Steinbrenner pleaded guilty to two felony counts in connection with illegal campaign giving but has never inculpated Stans. Moreover, Steinbrenner’s contributions extended past Nixon to a number of Democrats so that a picture of him as a sandbagged victim of extortion has not yet been convincingly established.


Stans in his book is of little help in explaining what went on. Of the Tip O’Neill quote he has only this to say: “One of the most scurrilous and careless messes…was a product of columnist-author Jimmy Breslin. He attributes absurd remarks [never denied by O’Neill] to Congressman Tip O’Neill that…both would have known were totally without foundation. It was clearly one more book written from discredited newspaper clippings.”

One of the book’s many demerits is that it sheds so little light on the exact character of the relationship between people like Maurice Stans and the people who were coughing up the money. Instead of getting Stans’s version of why Steinbrenner might have done what he did we get this kind of defensive passage:

If I were looking for opportunities, for example, there would have been the easy case of the American Ship-building Company. Its $6 million claim came before me a few weeks before I moved over to finance chairman, and I denied it in full on its merits, despite pleading calls from a half dozen Congressmen. Yet the company’s chairman, George Steinbrenner, became a large contributor in 1972.

Why? Because he liked being kicked in the teeth?

One person who did talk about why he violated the campaign laws was George A. Spater, the former president and board chairman of American Airlines. His testimony to the Watergate Committee illustrates how any businessman who has to look to the government for such things as airline routes doesn’t need to be shaken down:

I think I was motivated by a host of fears. You just don’t know what’s going to happen to you…sometimes the fear of the unknown is greater than the fear of what you know…. Most contributions from the business community are not volunteered to see a competitive advantage, but are made in response to pressure for fear of competitive disadvantage that might result if they are not made. The process degrades both the donor and the donee…. It is particularly dangerous when the pressure is implicit in the position of the individual making the solicitation.

Be it persuasion, extortion, or implicit pressure, my god how Stans made the money roll in, as this passage from Herbert Alexander illustrates:

In late February 1972 Gulf Oil delivered $50,000 in cash—having previously given $50,000 in May 1971. On March 9 Goodyear executives turned over $20,000 in cash and then another $20,000 five days later. In March American Airlines delivered $55,000 that it had laundered through a Lebanese agent. On March 26th a 3M executive handed Stans $30,000 in a St. Paul hotel suite. In late March or early April Braniff Airways delivered $40,000. On April 3 an Ashland Oil official gave $100,000 in cash to Stans who said “Thanks,” dumped it on his desk and passed it on to Sloan [his assistant].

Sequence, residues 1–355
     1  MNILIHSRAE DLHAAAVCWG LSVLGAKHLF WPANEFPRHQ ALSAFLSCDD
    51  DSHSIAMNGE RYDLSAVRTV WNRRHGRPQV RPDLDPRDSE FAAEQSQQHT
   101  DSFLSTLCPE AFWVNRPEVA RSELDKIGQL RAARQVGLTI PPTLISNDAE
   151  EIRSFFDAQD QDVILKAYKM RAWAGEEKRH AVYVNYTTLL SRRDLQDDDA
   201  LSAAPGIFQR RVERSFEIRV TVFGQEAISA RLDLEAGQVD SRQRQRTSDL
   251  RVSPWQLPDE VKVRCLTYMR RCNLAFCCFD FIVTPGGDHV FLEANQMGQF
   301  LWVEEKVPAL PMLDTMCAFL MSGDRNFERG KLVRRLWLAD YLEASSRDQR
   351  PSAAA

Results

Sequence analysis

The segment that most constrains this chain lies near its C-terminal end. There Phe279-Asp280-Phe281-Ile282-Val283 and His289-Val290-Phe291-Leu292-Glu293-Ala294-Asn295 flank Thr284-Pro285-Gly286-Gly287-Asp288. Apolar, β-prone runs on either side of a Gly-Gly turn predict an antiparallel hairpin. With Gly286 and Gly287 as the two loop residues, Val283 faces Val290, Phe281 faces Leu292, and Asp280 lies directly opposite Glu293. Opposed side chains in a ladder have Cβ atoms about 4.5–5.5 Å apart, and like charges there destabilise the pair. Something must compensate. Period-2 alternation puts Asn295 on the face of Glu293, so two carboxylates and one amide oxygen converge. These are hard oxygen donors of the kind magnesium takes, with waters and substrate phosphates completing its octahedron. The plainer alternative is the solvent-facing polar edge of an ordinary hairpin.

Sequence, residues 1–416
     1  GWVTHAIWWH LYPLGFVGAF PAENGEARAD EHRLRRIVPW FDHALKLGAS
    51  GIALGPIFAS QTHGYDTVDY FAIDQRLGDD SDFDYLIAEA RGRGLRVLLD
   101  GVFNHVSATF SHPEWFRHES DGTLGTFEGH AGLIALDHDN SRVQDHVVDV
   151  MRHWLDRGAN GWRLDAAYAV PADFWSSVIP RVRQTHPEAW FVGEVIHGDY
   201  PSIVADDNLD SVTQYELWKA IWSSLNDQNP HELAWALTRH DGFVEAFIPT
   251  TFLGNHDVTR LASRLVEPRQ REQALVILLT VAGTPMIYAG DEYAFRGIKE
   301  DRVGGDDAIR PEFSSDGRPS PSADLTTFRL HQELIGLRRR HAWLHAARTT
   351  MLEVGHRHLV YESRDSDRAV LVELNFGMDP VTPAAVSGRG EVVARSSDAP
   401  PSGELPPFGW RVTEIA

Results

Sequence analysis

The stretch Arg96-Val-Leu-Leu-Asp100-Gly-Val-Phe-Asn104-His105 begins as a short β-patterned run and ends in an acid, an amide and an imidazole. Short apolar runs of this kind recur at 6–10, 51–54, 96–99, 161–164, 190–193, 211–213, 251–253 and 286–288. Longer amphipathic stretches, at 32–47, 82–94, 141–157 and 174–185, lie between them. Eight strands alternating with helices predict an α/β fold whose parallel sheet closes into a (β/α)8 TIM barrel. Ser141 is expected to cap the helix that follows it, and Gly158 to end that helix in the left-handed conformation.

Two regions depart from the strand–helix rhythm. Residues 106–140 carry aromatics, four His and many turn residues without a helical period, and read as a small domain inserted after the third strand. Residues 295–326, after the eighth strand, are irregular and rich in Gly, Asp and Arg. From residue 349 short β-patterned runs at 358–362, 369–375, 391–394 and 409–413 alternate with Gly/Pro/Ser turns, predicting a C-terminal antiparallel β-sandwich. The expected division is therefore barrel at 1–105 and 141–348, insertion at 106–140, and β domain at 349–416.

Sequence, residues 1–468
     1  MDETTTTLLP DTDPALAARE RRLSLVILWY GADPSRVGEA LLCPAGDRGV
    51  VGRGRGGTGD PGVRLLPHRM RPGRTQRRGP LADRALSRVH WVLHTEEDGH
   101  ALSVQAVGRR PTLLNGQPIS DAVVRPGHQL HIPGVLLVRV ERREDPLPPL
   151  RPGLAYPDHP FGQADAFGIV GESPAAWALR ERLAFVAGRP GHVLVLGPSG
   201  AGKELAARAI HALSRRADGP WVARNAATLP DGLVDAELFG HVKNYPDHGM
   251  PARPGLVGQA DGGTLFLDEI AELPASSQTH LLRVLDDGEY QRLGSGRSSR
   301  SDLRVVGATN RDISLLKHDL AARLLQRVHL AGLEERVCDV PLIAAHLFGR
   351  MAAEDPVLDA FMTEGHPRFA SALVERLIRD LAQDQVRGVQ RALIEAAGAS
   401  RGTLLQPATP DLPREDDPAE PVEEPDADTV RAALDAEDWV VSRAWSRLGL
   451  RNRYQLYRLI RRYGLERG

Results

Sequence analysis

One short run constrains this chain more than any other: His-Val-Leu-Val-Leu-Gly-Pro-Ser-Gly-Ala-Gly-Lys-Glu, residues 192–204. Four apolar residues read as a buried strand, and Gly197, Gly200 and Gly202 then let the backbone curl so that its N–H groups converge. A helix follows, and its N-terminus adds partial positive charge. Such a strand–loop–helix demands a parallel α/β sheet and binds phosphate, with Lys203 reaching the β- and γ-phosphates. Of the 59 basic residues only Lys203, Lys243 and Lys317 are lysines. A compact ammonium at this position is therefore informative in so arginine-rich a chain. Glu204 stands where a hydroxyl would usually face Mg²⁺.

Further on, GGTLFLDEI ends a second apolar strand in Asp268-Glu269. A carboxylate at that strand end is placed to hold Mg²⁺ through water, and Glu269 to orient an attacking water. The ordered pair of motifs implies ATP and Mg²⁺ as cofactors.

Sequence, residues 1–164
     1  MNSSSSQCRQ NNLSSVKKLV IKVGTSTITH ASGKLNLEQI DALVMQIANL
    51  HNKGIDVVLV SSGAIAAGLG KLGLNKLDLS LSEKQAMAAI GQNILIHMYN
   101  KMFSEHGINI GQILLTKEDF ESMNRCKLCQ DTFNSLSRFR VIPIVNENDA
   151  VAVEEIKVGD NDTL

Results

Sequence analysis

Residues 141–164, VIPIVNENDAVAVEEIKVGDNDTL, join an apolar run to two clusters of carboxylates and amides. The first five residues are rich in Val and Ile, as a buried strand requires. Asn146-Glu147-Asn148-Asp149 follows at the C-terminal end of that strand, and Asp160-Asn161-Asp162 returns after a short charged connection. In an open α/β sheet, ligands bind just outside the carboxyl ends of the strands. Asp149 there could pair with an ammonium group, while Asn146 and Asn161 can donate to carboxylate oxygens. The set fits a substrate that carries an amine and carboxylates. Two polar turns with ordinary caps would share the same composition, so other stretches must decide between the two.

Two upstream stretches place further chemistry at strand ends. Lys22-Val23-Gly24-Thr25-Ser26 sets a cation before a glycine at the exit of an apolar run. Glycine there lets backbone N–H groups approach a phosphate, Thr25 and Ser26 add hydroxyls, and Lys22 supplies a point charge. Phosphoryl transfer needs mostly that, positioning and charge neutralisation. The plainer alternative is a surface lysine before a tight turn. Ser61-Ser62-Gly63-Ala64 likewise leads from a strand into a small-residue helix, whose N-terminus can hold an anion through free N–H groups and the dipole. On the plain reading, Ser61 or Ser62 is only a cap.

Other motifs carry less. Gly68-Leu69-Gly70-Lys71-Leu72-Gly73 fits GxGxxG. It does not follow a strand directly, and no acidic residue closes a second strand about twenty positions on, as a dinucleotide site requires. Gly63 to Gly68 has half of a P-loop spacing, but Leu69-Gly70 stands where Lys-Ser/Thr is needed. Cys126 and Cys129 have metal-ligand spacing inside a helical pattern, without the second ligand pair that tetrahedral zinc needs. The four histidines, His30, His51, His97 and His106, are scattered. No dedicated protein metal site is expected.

All of this money came in before April 7, 1972, the date the law changed making it illegal henceforth to conceal the names of the big contributors. Where all that money went and where it came from has never been completely explained, thanks in no small measure to Stans ordering many of the records destroyed, something his book is less than adequate in explaining. Nevertheless, Stans has never successfully been tied to any of the major dishonesties connected with Watergate. The misdemeanors he pleaded guilty to were insignificant technicalities, while a jury found him innocent of the felonies he and John Mitchell were accused of in connection with the Vesco case. The substance of that accusation was that he accepted a quarter of a million from Vesco to get him out of trouble with the Securities and Exchange Commission, but no fair-minded juror could have convicted. The government’s case against Stans was too weak, so we are left with this man, around whom countless crimes were committed, who always seemed to be nearby when dirty work was afoot, and who yet has never convincingly been shown to be part of it.


That fits in with his own somewhat unwitting description of himself in the Nixon constellation as a hard-working mule whose labors were so taken for granted that Nixon even had trouble remembering Stans’s name, a hell of a note considering they’d known each other since the Eisenhower years when Stans served as deputy postmaster general and director of the Bureau of the Budget: “His failure to mention my name on two celebrated public occasions, the first when he introduced his Cabinet in December 1968 and the second a month later when I was sworn in as Secretary of Commerce, was amusing and likely due to oversight, certainly not to inability to remember who I was.”

Could it be that this son of Belgian immigrants, this CPA who grew up in a small Minnesota farm community, this man who made his million apparently more by stick-to-itiveness than brilliance, this man who put together the new model money machine of American politics was no more than a distant, inconsequential servitor with no guilty knowledge or indeed no very good knowledge or judgment of events whatsoever? Certainly some of his written assessments of Nixon are both so soft-headed and so extravagant that you don’t wonder Nixon couldn’t take him seriously enough to recall his name.